Global Structural Transformations and Trends in Ukrainian Economy

Part 2. Innovative Factors of Structural Change in the Context of the Forth Industrial Revolution

The second part of this article exposes that the world economy has entered into a period of radical transformations driven by a new wave of technological innovation, which are now characterized as the Forth Industrial Revolution. These transformational processes are systemic and lead to the formation of qualitatively new structural characteristics of the global economy, which in their aggregate signify the emergence of a new technological paradigm and a new socioeconomic organization of human life. These changes will have a cardinal impact on all the structures of the world economy, the modes of business organization as well as the priorities and methods of macroeconomic regulation and support to economic growth and development. The mentioned global changes will be a radical, essentially existential, challenge not only to a number of industries, but also to national economies.

Ukraine's participation in the Fourth Industrial Revolution is greatly complicated by the existing structural disproportions in the economy and its educational and scientific potential. The most dangerous disproportions in the structure of education in Ukraine are associated with a very low percentage of tertiary specialists in the field of natural sciences. Ukraine significantly lags behind the world's innovation leaders, including not only developed but also many developing countries.

The author postulates that Ukraine has faced the dilemma: either to join the leading trends of economic development under the impact of the latest technologies, or to find itself in the periphery of the world economy and the entire global civilization. The answer to this challenge can be found only within the framework of a strategically oriented national development policy, a change in the economic philosophy (outlook) underpinning economic behavior in Ukraine, and the spread of a "culture of longterm vision" among managers at all levels. The principles of Ukraine's longterm policy should encompass stimulation of demand for innovative products and corresponding changes in consumer preferences, diversification and changes in the structure of capital (the priority of human and intellectual capital), rendering the factor of trust the role of a key economic asset, reliance on the country's own cultural basis of development, and provision of development security.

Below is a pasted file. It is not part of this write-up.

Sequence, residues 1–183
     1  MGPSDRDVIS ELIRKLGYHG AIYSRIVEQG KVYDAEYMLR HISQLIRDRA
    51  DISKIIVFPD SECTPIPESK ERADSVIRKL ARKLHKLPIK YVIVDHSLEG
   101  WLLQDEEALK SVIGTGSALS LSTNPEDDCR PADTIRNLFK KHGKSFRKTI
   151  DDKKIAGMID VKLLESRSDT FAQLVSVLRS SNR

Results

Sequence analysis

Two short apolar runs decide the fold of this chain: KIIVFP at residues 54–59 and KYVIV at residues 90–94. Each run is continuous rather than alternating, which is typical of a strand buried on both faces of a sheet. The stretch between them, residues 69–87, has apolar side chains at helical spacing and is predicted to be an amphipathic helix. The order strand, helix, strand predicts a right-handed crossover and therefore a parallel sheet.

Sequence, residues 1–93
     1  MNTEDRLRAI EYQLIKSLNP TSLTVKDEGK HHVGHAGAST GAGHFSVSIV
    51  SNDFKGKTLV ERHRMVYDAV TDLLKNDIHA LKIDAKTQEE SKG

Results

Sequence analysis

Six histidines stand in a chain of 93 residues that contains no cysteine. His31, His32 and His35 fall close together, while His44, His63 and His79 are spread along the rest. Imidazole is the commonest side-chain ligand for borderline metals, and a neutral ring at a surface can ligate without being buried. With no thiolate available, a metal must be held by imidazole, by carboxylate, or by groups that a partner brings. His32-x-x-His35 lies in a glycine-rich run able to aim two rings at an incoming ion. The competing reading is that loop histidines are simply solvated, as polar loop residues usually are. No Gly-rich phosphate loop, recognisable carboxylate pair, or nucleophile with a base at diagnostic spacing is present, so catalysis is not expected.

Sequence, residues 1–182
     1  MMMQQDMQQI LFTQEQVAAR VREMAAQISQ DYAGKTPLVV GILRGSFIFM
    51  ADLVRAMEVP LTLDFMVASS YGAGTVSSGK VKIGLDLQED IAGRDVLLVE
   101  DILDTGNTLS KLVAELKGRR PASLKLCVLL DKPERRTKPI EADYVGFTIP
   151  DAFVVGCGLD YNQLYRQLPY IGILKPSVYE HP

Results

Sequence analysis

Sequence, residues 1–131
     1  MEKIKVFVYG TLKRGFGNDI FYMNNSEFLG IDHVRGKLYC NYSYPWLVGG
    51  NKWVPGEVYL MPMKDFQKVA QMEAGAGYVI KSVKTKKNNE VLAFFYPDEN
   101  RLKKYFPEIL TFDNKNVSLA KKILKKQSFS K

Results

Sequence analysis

Volodymyr Sidenko

Senior Research Fellow


  • Taras Shevchenko National University, Kyiv, Faculty of International Relations and International Law, Department of International Economic Relations (1977).
  • Doctor of Science in Economics (2000), member of the National Academy of Sciences of Ukraine (2006), author of over 200 scientific articles, including the articles published abroad (the United Kingdom, the USA, Germany, Russia, Hungary, etc.).

Work experience:

  • Research Associate, the Head of the Institute for Social and Economic Problems of Foreign Countries, the Academy of Sciences of Ukraine (1980–1992), Institute of World Economy and International Relations of NAS of Ukraine (1992–2000), Institute of Economic Forecasting of NAS of Ukraine (1992–2005), Institute of Economics and Forecasting of NAS of Ukraine (2005–2012).
  • Advisor on foreign policy to the President of Ukraine (1994–1995).
  • Director of economic programmes of the Razumkov Centre (2001–2004).

Spheres of activity: research on strategy and mechanism of foreign trade, structural transformations of economy, external aspects of economic growth, global economic regulation, international economic integration, international competitiveness, foreign investment, economic relations between Ukraine and the EU and regional groupings in the CIS.

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